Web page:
February 4-7, 2018
Our driver with Stray Asia picked us up at 8:30 am on the dot and we soon found out why it would take 7 hours to drive to Mandalay from Inle Lake (See previous post). Traffic is fun with such an assortment of vehicles sharing the rough roads. Tuk tuks, electric cars, vans, buses, horse and buggies, motorcycles and even transport trucks all use their horns to communicate intentions. It’s interesting!
I thought I could spend the time editing photos but the drive through the mountains was beautiful with ever changing scenery and so much going on. That and the winding roads that switchback and forth up and down and around the mountains made anything BUT looking out the window impossible. We passed teak farms and villages still using elephants for work as well.
A flat tire held us up for an hour or so and I used the time to stretch my legs, walk a bit and watch the locals. On one side of the road some appeared to be fishing. Farther along a man was digging about preparing a field for something. Two young men were gathering watercress which they said was for the pig. We watched them load two large, dripping bags and bungy them on the motorbike then climb on themselves.
A man fell off his motorcycle and several folks stopped to help. Another young man drove our driver back with the repaired tire plus the spare….all on his motorbike. It’s amazing what they can fit on a bike in Myanmar! One woman was talking on a cell phone while holding a baby and driving the bike. Often there are entire families on a motorbike or a couple with loads of produce either on their way to or from the market. Women rarely straddle the bike but ride on the side. Scary!!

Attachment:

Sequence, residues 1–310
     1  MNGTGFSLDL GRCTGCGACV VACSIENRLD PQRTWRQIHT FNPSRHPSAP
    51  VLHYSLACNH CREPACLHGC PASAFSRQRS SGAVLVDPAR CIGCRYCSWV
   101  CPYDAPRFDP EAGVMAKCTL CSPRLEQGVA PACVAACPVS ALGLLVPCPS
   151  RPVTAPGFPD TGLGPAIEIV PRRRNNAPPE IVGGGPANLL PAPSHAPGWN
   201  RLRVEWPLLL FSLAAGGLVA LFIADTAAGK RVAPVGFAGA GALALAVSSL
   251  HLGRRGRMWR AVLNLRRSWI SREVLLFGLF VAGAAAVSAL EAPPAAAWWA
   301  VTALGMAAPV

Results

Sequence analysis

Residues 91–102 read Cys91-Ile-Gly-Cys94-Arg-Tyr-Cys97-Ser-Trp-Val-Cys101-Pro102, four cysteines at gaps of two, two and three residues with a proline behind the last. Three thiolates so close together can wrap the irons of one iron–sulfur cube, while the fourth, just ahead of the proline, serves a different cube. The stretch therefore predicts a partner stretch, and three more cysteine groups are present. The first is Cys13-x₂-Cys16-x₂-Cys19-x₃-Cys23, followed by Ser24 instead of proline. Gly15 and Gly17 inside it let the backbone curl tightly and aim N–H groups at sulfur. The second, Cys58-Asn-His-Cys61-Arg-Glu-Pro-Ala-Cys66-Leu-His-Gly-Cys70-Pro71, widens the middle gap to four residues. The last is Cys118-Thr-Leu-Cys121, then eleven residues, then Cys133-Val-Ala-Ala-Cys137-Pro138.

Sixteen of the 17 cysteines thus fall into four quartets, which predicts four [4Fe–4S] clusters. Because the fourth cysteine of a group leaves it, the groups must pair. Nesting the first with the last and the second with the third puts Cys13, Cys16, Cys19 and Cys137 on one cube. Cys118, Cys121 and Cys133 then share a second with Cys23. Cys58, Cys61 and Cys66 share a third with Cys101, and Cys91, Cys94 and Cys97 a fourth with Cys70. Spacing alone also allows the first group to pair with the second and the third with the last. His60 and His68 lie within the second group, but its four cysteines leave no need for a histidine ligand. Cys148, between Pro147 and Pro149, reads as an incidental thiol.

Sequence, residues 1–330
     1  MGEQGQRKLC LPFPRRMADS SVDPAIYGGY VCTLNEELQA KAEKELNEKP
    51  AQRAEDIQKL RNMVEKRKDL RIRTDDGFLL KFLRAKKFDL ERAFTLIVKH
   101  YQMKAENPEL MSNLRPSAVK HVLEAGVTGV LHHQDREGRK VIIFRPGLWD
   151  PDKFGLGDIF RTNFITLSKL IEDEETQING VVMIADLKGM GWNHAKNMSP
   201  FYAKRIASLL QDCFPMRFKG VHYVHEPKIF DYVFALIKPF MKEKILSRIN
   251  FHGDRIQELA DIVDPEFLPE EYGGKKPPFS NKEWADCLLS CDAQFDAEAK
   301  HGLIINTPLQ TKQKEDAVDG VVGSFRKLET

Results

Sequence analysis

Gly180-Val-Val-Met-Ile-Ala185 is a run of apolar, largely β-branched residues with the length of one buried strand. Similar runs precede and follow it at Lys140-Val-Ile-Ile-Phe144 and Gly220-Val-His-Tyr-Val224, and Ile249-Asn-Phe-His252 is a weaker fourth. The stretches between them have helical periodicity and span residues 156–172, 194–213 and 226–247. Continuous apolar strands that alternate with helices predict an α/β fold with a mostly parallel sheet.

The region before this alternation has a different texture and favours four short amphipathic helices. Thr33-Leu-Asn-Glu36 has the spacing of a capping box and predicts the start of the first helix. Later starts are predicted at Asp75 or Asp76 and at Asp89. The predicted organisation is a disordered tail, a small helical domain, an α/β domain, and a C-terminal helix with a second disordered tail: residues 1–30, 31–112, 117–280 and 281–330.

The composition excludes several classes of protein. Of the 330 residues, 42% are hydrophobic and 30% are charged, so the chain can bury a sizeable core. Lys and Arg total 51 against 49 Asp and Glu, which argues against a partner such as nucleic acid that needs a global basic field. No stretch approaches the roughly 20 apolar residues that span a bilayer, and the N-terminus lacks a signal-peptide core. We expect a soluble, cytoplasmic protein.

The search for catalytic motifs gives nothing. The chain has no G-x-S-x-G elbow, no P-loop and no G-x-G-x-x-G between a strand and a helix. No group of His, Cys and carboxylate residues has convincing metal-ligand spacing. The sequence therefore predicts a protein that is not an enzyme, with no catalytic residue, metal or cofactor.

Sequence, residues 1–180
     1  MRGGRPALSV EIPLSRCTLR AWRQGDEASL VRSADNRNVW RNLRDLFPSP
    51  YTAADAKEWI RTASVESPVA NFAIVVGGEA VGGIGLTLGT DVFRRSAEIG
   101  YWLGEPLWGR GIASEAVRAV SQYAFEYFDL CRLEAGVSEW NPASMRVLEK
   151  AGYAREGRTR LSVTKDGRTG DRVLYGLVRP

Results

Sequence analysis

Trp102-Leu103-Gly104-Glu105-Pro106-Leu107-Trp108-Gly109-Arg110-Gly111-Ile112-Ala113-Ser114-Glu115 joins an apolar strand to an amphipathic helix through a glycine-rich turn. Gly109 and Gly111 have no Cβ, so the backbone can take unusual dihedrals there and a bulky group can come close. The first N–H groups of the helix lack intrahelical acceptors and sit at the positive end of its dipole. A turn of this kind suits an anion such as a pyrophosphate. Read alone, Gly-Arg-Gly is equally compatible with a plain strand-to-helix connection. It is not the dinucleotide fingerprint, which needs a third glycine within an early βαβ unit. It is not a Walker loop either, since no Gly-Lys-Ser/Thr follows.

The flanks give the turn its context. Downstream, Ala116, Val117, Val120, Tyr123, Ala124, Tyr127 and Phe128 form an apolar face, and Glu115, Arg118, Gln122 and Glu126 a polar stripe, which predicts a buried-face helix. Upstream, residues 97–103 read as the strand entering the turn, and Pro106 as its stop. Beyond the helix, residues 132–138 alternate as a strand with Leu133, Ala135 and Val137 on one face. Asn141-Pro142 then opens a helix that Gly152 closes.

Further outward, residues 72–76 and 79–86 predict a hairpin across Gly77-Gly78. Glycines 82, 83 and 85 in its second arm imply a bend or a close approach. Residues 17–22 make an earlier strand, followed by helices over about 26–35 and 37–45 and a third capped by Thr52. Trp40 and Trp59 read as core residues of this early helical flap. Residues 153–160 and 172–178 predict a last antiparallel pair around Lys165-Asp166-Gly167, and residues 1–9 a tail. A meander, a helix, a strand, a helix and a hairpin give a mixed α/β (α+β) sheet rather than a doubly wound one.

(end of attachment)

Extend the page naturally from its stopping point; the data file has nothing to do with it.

One day was spent touring Mandalay with our guide San and a private driver. We covered a lot of ground in one day! More pagodas, the world’s largest book and many other sites. We finished the day at the U Bein bridge, (which is the longest and oldest at over 350 years teak bridge in the world), and walked the whole thing. Many locals were also walking. One young monk approached me and asked if we could talk so he could practice English. Later a couple other young men asked the same thing. They asked me questions and I did my best to help them. It’s kind of nice to be able to help out a bit in little ways.
We said good bye to San, who was our guide for the past 10 days with our Stray Asia tour. She really is a fantastic guide and we all wished the best for her.
The next day we said goodbye to Ida and 3 of us headed off with a our tax for the day for a visit to Pyin Oo Lwin, a town about a 2 hour drive from Mandalay. There we visited another pagoda, a waterfall, a colonial house and Catholic church. The town is very different and there are several colonial homes, leftovers from the times when Myanmar was a British colony. The Botanical gardens were really nice and different from any other I’d visited. It’s a lake surrounded by various gardens, some what we’d called beds of annuals. The orchid gardens were nice and the butterfly museum interesting. I was disappointed to find not a single lotus.
We said good bye to Lena after a nice dinner at the noodle place down the road and had an early night.
The next day we loafed about, enjoying a leisurely breakfast before packing and checking out. We visited the market which is like a huge, disorganized, crazy shopping mall. I decided to wear my longyi since it’s likely the last time. I felt people laughing at me and assumed they were saying “look at that crazy white lady thinking she can blend in just by wearing a longyi!” I came upon one group of ladies who pointed at my skirt. I stopped and asked “Is it wrong?” while pointing at my longyi. One lady stood up, undid my skirt and totally rearranged it for me. Yep, I was wearing it wrong. I’d done it up on the wrong side. I said “tersuba (thankyou)”, we all chuckled together and we left, now confident that I was properly dressed. From the then on the looks and comments I got seemed encouraging, like they were happy I’d chosen to try to look Burmese. Some even pointed and said “beautiful”. We got big smiles when we greeted folks with “Mingalabar (hello)” and everyone was friendly, some even encouraging their children to say hello. One even blew me a kiss!
Although we got totally lost it was easy to find our way back as the streets are numbered.